Lotus Elan

double pump to get good brakes??

PostPost by: tedtaylor » Tue Apr 11, 2017 12:37 am

OK, i'm no amateur, but not an expert either. I rebuilt the brake system on my Elan Sprint (rebuilt master cylinder, all calipers w/ stainless steel pistons and new seals, new pads all around) There is NO booster and never equipped with one. The only modification is larger front rotors with Girling 16P big calipers - from a Plus 2??

I've bled the system from rear first to front last. There are no fluid leaks and pads and rotors are mated and wearing evenly. The car does not pull to either side, but straight and steady. The brakes work and stop the car.....BUT the pedal goes down far and great effort is needed to stop car quickly. Now if i double pump the pedal, the 2nd pump is higher off the floor and stops the car much more effectively. So for good braking i need to double pump. Now i would much prefer the feel and results of my 2nd pump to occur when i apply the brakes the first time.

I'm thinking it must be air still in the system??? Can it be anything else?? what do you suggest i do to fix this.
Very frustrated!!!
Thanks!
TED
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PostPost by: bitsobrits » Tue Apr 11, 2017 1:03 am

Larger calipers are likely going to take more total fluid movement to fully actuate than the stock calipers. More fluid movement equals more pedal travel. A larger master cylinder will reduce the pedal travel, but now your applied force goes down, so more effort is required. Which means you need to look at increasing your mechanical (pedal) ratio to compensate for the reduction of hydraulic ratio. A certain "chasing of your tail" applies.

When you start changing around braking components, you need to consider the whole braking system and be prepared to make many mods to retain a factory feel to the pedal.


Or you just still have air in the lines :D
Steve

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PostPost by: tedtaylor » Tue Apr 11, 2017 1:55 am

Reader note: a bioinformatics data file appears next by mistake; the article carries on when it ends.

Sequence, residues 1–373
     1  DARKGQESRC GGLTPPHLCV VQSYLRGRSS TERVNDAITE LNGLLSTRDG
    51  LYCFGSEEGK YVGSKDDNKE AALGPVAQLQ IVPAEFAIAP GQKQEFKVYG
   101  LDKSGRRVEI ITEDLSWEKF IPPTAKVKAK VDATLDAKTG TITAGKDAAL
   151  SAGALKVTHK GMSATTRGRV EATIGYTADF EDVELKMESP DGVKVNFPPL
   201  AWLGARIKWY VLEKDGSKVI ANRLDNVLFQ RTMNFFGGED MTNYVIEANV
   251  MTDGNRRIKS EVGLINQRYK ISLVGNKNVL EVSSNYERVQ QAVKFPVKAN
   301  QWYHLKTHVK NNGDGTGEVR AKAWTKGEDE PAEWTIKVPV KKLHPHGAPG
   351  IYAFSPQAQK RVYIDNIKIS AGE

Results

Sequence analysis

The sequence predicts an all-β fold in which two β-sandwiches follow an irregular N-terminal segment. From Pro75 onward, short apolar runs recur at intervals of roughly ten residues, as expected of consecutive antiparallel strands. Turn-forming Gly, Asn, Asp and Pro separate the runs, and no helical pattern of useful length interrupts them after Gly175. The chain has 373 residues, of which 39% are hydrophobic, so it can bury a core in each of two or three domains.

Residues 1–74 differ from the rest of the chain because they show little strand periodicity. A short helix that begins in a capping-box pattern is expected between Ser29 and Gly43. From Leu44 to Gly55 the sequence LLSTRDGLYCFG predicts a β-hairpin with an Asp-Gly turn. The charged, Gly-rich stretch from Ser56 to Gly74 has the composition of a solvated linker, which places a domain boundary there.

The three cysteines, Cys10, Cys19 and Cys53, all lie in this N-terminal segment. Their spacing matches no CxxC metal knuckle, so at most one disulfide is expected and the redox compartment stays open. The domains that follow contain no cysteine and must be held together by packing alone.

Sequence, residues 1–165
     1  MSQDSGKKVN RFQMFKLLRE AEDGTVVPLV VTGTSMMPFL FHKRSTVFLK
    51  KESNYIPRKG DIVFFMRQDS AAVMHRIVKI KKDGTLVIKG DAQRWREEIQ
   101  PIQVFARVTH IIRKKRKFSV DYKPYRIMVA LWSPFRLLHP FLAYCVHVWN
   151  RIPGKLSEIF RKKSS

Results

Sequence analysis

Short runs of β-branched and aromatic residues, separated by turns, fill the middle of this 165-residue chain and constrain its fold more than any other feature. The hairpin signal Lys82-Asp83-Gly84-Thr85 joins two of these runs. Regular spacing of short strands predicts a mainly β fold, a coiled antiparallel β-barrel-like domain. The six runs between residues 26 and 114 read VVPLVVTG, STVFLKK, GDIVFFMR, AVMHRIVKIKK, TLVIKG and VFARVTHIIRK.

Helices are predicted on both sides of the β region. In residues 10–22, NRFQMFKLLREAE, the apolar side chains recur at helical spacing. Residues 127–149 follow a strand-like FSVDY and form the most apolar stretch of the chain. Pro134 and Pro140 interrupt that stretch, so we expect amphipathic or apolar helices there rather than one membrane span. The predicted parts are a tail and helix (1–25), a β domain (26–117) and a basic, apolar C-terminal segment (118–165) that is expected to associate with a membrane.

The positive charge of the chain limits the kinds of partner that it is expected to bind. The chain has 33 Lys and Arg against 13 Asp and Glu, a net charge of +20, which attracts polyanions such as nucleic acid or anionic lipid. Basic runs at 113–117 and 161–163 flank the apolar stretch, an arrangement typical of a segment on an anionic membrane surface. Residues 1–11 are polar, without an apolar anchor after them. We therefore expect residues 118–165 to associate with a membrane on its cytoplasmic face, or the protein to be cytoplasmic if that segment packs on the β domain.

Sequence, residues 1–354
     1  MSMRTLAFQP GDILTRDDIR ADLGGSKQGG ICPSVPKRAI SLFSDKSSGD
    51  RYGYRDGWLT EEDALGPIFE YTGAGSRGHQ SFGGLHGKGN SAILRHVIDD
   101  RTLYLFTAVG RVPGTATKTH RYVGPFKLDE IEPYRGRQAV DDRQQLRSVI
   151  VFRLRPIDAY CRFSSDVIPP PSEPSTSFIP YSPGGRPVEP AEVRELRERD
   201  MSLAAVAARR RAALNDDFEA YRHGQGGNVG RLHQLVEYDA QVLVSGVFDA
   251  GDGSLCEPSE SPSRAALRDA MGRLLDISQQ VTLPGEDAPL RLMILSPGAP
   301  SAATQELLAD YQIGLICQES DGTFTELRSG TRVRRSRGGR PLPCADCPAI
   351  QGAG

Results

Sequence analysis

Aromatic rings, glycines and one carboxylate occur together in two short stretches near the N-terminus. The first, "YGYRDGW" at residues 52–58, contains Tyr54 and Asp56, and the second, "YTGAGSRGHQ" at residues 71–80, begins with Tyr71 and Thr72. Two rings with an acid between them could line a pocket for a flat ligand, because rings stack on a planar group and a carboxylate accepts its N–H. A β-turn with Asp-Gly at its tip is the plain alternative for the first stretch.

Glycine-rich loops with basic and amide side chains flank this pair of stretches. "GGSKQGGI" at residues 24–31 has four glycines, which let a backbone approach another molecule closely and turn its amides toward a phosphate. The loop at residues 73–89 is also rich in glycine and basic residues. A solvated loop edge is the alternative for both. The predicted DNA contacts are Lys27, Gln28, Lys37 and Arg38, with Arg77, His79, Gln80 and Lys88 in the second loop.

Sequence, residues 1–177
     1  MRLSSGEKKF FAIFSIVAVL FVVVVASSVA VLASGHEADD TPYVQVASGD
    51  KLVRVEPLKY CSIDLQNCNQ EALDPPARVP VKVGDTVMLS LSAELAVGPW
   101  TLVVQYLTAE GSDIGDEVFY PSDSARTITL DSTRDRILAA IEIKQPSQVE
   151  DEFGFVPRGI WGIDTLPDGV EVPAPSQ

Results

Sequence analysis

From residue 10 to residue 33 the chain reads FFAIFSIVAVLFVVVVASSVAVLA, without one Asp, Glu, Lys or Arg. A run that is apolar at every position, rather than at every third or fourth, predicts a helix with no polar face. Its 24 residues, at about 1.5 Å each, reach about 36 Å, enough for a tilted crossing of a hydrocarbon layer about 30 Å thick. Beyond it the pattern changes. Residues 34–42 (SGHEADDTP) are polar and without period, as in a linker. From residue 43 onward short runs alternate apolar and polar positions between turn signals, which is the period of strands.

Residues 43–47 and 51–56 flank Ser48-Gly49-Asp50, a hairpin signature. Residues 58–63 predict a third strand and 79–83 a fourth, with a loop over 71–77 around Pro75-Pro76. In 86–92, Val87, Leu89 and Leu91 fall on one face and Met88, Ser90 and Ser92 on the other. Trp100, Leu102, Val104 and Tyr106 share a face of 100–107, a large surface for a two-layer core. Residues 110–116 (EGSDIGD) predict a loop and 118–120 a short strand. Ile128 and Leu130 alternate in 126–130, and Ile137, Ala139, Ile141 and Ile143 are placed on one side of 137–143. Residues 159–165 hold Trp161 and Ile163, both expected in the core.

thanks for that....
i actually have a stock pair of OEM calipers I guess i can rebuild and install, but i think the rotors will also have to be changed out, correct?? I think the rotors i have now are thicker and larger diameter from a Plus2?? Not sure... :?
8-01-021.jpg and

8-01-018.jpg and
TED
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PostPost by: StressCraxx » Tue Apr 11, 2017 3:07 am

Hello Ted,

Bits o' Brits is correct.

Several things to look at:

As your pedal travels towards the floor, you lose mechanical advantage. You fill the front calipers with the first pump, then refill the master with the second pump and you regain most of your mechancial advantage.

Have someone pump your brake pedal and look for a turbulence in the reservoir. Turbulence means you still have air in the system.

Very carefully check your wheel bearings for looseness and rotors for runout. Either will make for brake pad "knock back". The pads and pistons get pushed back and you need two pumps to refill the calipers and bring the pedal back up.

Regards,
Dan
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PostPost by: tedtaylor » Tue Apr 11, 2017 3:16 am

Not trying to argue, but these are brand new THICK pads. The pads are floating against the rotors with the caliper piston against the pads and fluid already in place behind the piston. I cannot understand your point. You make it sound like the pistons retract completely back into the caliper, but that is not the case as they are in slight contact, ready for the fluid compression sent by the pedal action. There is minimal movement. The only thing that would move or take up the slack would be air or weak rubber brake lines? My lines are OEM rubber (not updated metal encased lines). I will certainly attempt to pressure bleed them again, but if it is not air and not expanding rubber brake lines, and no movement or slack in the setup, then I cannot follow your train of thought.
Sorry. :?
TED
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PostPost by: mbell » Tue Apr 11, 2017 4:31 am

I am with Dan, you need to check the end float on your hubs/wheel bearings. If they are lose the hubs have side to side movement that knocks the pads away from the disc as you drive.

First time you less the pedal you have to move the pads back to the disc, which requires more pedal travel. Second time pads are still on disc so shorter travel.

Checking/adjusting this is next in my to-do list as I know I have, some probably too much, end float now things have needed in a bit.
'73 +2 130/5 RHD, now on the road and very slowly rolling though a "restoration"
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PostPost by: vxah » Tue Apr 11, 2017 7:14 am

I found the same issue after a calliper rebuild, I found that if the front pistons were pushed all the way back and then the pads fitted I had to "double pump" the brake pedal. If I took the pads out one at a time and pressed the pedal to push the piston out then pushed the piston back in just enough to get the pad back in all was fine (after all were done)